A Change.org petition protesting Alamo Manhattan’s planned “Bishop Arts Gateway” development has garnered more than 300 signatures in just 3 hours. Signers oppose plans for a five-story, mixed-use development that would be constructed near the intersection of Zang and Davis St., at the site of the terminus of the future phase 2 extension of the Oak Cliff Streetcar. Those plans don’t share the neighborhood’s “vibe,” the petition says, and signers “believe that the ‘locally owned “organic” businesses’, as you put it, are happy where they are currently located, do not need to be displaced, and do not want to be your tenants.”
As I reported in the April edition of D Magazine, the neighborhood has been bracing itself for this moment. Zoning approved in 2010 set the stage for a redevelopment push that has recently driven up the cost of land in the area as developers cross the Trinity with hopes of building-out the next dense, Uptown-style neighborhood in Dallas. Those zoning plans weren’t passed without some controversy, but the rezoning does demonstrate a desire among many in the neighborhood to see in-fill development and a denser urbanization of the hip enclave of 1920s bungalows and reclaimed trolley stop storefronts.
But residents are right to be wary and protective of the on-the-ground successes that have helped to make Oak Cliff so popular and attractive to developers. The Alamo Manhattan plans showcase Good, Futon and Farrell’s typically mediocre designs. They are cookie-cutter blocks that could be plopped in Addison or adjacent the Dr. Pepper Ballpark in Frisco, and they threaten to uproot — at least temporarily — some beloved Oak Cliff establishments, such as Zoli’s Pizzeria and Ten Bells Tavern.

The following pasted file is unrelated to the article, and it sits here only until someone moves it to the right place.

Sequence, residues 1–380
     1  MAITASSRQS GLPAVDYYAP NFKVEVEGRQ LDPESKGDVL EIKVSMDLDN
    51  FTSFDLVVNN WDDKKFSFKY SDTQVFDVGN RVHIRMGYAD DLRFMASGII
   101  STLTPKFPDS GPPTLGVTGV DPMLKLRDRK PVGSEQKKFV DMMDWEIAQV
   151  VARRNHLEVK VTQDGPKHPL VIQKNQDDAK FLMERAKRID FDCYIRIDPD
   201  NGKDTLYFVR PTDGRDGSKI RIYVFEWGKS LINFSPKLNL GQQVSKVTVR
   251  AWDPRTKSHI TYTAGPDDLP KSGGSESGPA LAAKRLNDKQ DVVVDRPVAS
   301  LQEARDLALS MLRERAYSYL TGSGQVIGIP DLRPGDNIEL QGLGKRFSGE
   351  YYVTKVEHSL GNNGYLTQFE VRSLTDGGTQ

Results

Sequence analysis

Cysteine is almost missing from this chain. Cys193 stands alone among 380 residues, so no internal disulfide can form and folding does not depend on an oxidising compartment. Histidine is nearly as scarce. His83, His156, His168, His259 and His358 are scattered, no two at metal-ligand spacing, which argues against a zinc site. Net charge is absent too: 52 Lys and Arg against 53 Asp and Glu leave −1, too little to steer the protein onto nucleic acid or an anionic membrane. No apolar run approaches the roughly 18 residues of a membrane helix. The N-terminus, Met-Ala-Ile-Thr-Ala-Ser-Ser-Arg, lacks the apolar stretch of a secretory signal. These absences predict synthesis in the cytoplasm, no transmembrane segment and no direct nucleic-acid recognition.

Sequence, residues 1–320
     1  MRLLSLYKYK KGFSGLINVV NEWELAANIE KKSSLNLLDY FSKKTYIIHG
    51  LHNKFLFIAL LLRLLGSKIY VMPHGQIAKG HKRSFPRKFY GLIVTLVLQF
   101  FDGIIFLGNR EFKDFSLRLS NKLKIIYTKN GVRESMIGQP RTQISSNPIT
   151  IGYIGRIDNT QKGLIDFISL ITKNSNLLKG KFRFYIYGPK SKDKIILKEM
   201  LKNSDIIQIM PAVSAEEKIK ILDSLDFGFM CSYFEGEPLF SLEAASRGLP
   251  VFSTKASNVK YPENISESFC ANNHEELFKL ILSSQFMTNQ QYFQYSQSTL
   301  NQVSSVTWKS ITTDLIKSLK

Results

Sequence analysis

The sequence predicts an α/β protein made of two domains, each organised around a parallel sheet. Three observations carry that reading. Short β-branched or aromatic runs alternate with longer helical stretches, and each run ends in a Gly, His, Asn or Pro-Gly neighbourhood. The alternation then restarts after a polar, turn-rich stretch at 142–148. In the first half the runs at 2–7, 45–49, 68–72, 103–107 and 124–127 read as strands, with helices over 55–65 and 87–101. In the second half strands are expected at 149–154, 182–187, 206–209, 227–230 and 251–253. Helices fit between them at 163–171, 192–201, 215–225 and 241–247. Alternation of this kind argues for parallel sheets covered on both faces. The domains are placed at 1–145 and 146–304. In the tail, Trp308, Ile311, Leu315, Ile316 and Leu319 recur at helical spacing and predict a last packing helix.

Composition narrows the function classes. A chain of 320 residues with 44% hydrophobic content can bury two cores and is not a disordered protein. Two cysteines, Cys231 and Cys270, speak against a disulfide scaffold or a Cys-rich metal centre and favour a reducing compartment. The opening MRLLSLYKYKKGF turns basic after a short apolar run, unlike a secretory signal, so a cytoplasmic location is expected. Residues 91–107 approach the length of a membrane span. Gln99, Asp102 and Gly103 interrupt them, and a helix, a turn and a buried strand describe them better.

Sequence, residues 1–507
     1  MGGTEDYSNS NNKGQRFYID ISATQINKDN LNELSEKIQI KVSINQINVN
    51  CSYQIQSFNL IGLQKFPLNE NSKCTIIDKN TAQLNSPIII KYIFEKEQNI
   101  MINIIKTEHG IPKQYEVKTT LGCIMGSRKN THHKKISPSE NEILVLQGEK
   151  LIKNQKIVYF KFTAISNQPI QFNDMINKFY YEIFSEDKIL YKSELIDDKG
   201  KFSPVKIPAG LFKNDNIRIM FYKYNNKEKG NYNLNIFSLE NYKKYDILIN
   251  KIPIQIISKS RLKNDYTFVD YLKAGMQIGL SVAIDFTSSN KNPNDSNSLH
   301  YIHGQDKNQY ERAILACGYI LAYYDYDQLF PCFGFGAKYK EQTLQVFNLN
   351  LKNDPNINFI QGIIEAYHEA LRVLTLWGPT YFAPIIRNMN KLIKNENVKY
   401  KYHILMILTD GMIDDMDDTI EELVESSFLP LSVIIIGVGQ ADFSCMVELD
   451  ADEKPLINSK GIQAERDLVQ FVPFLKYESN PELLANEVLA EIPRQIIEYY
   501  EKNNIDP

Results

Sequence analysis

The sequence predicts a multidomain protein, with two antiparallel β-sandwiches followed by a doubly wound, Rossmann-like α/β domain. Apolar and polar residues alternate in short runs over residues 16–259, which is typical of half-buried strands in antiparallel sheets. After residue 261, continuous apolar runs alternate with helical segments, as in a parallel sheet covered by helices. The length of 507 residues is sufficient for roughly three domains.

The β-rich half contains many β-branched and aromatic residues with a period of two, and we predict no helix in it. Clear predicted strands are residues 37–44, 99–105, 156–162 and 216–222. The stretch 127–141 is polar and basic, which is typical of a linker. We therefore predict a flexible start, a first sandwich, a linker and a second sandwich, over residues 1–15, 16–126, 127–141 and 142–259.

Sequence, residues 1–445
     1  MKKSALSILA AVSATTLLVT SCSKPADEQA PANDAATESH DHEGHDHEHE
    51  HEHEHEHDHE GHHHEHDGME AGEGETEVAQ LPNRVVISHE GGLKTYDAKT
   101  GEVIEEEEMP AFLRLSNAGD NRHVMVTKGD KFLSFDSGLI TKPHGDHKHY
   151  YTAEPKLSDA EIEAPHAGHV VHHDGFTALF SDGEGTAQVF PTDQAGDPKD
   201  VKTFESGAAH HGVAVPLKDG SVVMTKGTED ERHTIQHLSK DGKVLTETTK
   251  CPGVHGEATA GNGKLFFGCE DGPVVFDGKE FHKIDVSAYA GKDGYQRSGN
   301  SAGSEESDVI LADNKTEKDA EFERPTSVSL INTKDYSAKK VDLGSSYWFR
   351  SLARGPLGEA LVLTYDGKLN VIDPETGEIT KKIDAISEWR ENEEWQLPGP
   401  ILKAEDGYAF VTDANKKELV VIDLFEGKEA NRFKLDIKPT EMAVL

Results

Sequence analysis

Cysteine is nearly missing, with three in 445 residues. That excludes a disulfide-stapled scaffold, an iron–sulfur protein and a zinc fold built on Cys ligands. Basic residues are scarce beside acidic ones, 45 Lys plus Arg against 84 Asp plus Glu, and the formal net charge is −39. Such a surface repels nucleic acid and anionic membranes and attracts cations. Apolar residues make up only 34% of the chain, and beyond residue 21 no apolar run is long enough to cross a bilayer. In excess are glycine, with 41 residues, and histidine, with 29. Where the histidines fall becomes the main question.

In the Lakewood Advocate, Rachel Stone does a great job breaking down the plans, of which many long-time Oak Cliff investors are skeptical:
Developer/new urbanist Monte Anderson says of the initial plans: “They are trying to put a 10-pound bag of sand in a 5-pound hole.”
Anderson says the plan encourages “the wrong kind of density,” with long unbroken blocks and imposing buildings.
“Just because the zoning says this is the maximum here doesn’t mean it’s the right thing,” he says.
Architect Joe Wilkins of Design Alchemy says the design, by Good Fulton & Farrell, looks a little too suburban. He suggested they should contract several architects with different styles to find diversity and uniqueness for the project.
“It’s a very delicate project type because it’s going to set a precedent,” Wilkins says. “The last thing we want are trends that will date it.”
For their part, Alamo Manhattan has shown willingness to work with neighbors, Stone reports, and they have hosted at least one neighborhood meeting about the Oak Cliff project. Angela Hunt has commended the company’s receptiveness to input in the past.
Still, no one in Oak Cliff should be too surprised by these new pictures of generic, Uptown-style apartment blocks. You will recall that those pushing for the Oak Cliff Streetcar were never shy about the real benefit of that mode of transit: stirring dense development along the path of new steel rail.